The greater clarity and transparency that can be achieved with PPM will likely also result in the reduction in the number of proposals submitted. And that lower demand for project funding that is achieved through better processes in project submittal, evaluation, and selection can lead to significant savings.
In addition, by having PPM applications that enable a portfolio-level view, project synergies can be established in advance to reduce duplicative efforts and support economies of scale benefits in technology, real estate, or other investment categories. In short, PPM applications can better align projects to strategic priorities enabling the “right projects to be selected and supported at the right level.”
- Integrate tax planning into project initiatives
A tax-effective PPM solution is based on the premise that tax data can be captured more effectively as the project progresses rather than compiled at a later date using estimates and assumptions. To that end, PPM applications can be configured to capture information for both financial reporting and tax purposes—and that information can be captured in parallel. In addition, PPM processes and software can be implemented to capture attributes for local country tax reporting and regulatory purposes, where applicable.
Some benefits which can be realized through a tax-effective PPM implementation include:
Deducting IT project costs. Often a portion of the costs capitalized for financial accounting purposes can be treated as deductions for tax-reporting purposes.
Property tax reduction. With better data captured by PPM applications, there is the potential for annual property-tax savings on real and personal property.
Research & development (R&D) credits. Having PPM as the primary source of data to support R&D activities allows for streamlined IRS audit reviews; potentially avoids the use of two systems for R&D cost tracking, (i.e. one for tax and one for operations); can be a foundation for IFRS adoption when R&D will be treated differently (capitalized vs. expensed); and can create greater visibility into what qualifies for U.S. federal and state tax credits (generally 10% of qualified research spending) and foreign research tax incentives (up to 50% of R&D spending).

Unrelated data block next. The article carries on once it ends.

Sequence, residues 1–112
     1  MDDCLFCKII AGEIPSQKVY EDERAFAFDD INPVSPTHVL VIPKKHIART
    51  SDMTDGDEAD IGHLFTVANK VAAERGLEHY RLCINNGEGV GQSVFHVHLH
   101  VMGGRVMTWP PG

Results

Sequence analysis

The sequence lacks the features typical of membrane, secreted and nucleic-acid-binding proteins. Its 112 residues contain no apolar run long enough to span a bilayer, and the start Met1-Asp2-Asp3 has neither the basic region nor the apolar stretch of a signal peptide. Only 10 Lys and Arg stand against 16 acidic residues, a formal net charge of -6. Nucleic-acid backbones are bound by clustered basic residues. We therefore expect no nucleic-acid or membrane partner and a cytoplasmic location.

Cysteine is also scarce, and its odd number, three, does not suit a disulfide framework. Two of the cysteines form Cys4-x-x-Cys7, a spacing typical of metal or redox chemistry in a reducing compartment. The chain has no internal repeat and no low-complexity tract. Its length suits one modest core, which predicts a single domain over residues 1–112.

With PPM, supporting information for these and other tax positions can be available and documented concurrently as the project progresses. The results can be the ability to claim deductions and credits that may otherwise be overlooked, less time spent compiling supporting data, better documents to support tax examinations, and more efficient tax audits in general.
- Enable “what if” capabilities
Portfolio management is the business process of deciding which projects to start, continue, discontinue, or postpone. Because PPM enables portfolio management, it also enables “what-if” analysis based on different scenarios. Specifically, you can view and analyze your portfolio and apply different scenarios to see how changes such as budget cuts, inclusion of a required project, or a timeline shift, can affect the health of your overall portfolio. Such scenarios can help identify those projects that best align to business objectives and those that pose excessive risk and cost to the organization.
- Improve resource allocation and resolve conflicts from interdependencies among projects